This device is a clip that attaches to your Pro Controller and has a sliding connector for your Switch. Once the body of the console is slotted into the S1’s holder, you can position the angle of the screen for more comfortable viewing. One of our favorite use cases for the S1 is being able to comfortably play our Switch laying flat in bed, with our head propped up on a pillow and the controller on our chest. The accessory also comes with a carrying case that protects itself, your Pro Controller, and the Switch console.
Hori Split Pad Pro
The Hori Split Pad Pro is a pair of attachable controllers that you can use instead of the much smaller standard Joy-Cons. These large gamepads significantly increase the bulk of the Switch, but what you lose in portability, you make up for in comfort.
We praised the Split Pad Pro for most games, and we found it was especially helpful when playing more complicated games like Monster Hunter Rise. The larger controllers make complex actions in first-person shooters and fast-paced games easier to command when in handheld mode. The gamepads even have additional buttons on the back that you can assign to customize your experience.
PowerA Wireless GameCube Style Controller
For Super Smash Bros. players who honed their skills on a GameCube controller, you can rekindle your muscle memory with the PowerA Wireless GameCube Style Controller.
This gamepad feels similar to the classic wired GameCube controller, plus it has all the benefits of the wireless WaveBird controller, without the added bulk.
Since this controller is wireless, that means Super Smash Bros. Ultimate players don’t need to bring multiplayer controller dongles with them like in the old days. PowerA’s recreation of the controller also adds an extra shoulder button on the left side that’s missing from the GameCube original.
8Bitdo Pro 2
The 8BitDo Pro 2 merges some of the best design qualities of classic Nintendo hardware with modern features to create a controller that combines the best of both worlds.
At first glance, the Pro 2 looks like a contemporary take on the Super Nintendo Controller. It has a sleek and flat face with textured grips that feel better than the slicker handles on Nintendo’s Pro Controller. Not only that, but the controller’s handles feature additional triggers on the back that you can use 8Bitdo’s software to assign to different buttons. The software is worth installing because, in our testing, the initial strength of the controller’s standard rumble was a bit much for calmer games like Animal Crossing: New Horizons.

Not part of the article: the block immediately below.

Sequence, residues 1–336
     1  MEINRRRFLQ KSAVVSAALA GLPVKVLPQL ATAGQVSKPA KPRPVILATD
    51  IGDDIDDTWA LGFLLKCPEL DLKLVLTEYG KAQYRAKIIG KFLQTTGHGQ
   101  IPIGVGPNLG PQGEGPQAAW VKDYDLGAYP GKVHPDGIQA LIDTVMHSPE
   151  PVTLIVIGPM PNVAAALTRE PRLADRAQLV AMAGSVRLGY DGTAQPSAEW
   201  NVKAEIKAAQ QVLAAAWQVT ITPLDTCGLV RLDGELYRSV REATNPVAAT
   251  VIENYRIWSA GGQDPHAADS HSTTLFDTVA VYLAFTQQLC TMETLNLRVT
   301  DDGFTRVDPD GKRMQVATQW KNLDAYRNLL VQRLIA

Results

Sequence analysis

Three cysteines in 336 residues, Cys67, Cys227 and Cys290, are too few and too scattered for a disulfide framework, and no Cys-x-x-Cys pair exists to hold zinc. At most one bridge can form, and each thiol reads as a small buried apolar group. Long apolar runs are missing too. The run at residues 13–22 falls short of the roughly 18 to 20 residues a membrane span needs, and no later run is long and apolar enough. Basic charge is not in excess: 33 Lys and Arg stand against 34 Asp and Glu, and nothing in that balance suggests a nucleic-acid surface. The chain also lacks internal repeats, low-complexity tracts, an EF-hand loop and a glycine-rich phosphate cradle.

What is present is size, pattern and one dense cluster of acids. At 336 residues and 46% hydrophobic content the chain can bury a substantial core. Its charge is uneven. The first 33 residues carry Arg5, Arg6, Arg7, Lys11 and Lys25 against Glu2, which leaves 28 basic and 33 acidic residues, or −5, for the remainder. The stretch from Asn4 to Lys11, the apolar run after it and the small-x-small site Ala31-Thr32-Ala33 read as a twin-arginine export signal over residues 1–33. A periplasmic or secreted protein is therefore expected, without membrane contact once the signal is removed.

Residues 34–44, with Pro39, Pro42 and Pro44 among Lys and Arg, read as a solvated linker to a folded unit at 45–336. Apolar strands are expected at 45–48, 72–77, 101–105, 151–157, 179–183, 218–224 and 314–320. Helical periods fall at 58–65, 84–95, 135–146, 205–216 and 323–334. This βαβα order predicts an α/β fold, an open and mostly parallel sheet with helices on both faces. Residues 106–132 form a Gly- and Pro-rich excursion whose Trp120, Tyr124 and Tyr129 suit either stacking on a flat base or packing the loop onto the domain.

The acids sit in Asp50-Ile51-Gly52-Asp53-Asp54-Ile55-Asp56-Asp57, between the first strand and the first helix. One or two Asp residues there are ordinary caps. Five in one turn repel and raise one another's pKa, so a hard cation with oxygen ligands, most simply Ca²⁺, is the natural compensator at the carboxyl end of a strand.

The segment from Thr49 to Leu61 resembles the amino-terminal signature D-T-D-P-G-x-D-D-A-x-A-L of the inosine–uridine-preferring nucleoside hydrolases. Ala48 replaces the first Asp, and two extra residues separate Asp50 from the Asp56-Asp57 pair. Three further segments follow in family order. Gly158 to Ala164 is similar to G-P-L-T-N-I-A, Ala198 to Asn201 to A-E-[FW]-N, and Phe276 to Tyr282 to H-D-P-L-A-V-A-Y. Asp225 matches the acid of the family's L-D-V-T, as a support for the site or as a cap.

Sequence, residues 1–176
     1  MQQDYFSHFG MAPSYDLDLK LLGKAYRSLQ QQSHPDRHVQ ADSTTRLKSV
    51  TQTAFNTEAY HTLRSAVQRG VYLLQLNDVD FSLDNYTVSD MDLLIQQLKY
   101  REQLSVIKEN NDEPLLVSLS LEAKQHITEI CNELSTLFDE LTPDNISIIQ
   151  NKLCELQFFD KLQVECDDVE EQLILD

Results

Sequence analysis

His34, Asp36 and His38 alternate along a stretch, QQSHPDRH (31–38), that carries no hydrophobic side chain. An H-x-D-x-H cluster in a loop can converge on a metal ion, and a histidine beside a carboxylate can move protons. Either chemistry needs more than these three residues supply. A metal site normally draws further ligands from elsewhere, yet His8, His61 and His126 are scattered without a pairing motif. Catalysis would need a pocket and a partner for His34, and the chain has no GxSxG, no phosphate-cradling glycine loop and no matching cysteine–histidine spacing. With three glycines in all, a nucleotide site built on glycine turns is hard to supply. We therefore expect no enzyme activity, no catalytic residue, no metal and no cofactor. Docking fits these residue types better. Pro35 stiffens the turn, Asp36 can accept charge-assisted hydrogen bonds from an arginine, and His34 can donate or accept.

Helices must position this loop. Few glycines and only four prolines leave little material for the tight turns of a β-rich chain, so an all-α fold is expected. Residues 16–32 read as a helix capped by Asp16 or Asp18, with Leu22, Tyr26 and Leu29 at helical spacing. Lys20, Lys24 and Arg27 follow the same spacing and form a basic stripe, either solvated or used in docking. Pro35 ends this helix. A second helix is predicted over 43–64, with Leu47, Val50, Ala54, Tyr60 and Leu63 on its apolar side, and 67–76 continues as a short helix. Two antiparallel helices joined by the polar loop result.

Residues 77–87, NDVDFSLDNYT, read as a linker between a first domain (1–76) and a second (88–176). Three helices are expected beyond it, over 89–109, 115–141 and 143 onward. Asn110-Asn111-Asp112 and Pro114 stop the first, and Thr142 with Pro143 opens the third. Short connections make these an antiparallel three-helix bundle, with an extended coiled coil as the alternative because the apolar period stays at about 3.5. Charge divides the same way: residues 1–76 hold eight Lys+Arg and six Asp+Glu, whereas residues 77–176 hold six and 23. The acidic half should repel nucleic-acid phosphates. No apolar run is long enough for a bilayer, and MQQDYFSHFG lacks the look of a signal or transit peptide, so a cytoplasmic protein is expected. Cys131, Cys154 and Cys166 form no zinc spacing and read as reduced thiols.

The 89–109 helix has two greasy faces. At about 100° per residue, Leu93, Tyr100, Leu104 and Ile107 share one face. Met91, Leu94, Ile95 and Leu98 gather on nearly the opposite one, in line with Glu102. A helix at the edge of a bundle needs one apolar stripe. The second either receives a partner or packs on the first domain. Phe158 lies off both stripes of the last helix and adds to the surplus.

The analog sticks are aligned on the bottom of the gamepad, just like a PlayStation controller. This layout differs from the Joy-Cons and Nintendo’s Pro Controller (and Xbox controllers), so it may take some getting used to, especially if you play a lot of first-person shooters like Fortnite or Doom Eternal.
8BitDo Arcade Stick
The Nintendo Switch has plenty of classic titles and puzzle games that work with any of the controllers listed above. However, you can give all those games a more retro spin by playing them with 8BitDo’s Arcade Stick.
This classic-style arcade stick plugs directly into your Switch via USB or connects wirelessly with Bluetooth or the included wireless adapter. Either way, the clicky buttons and ball-shaped joystick feel reminiscent of what you’d find in an arcade cabinet. The responsive controls make games like Pac-Man 99, Puyo Puyo Tetris 2, and Lumines feel great, especially when you slam the joystick left and right when you need to move around quickly.
The buttons are also laid out ergonomically with a downward slope to better accommodate your thumbs, unlike old-school layouts that placed buttons in a straight row. This makes playing fighting games like Street Fighter III: Third Strike and Dragon Ball FighterZ feel just as fluid as they would if they were played on a modern arcade machine.
The Nintendo Switch consoles have a decent battery life when playing in handheld mode. If you’re away from your dock and need to charge the system, you can simply plug the console into a USB-C port. However, if you’re not near an outlet, you can always use a charging brick to charge the console.
While most charging bricks will do the job, a safe option is the officially licensed Anker PowerCore Nintendo Switch Edition. The device comes in two sizes, 13,400 mAh and 20,100 mAh, which Anker says can add 10 and 15 hours of playtime, respectively.
If you don’t need physical copies of your games, you can always download them from the eShop to a microSD card. The larger capacity on your card, the more games you can store on the system to play at any time.
SanDisk has several officially licensed microSD cards, like this 512GB Animal Crossing-themed card to smaller sizes with everything from a star from the Super Mario Bros. franchise to The Legend of Zelda.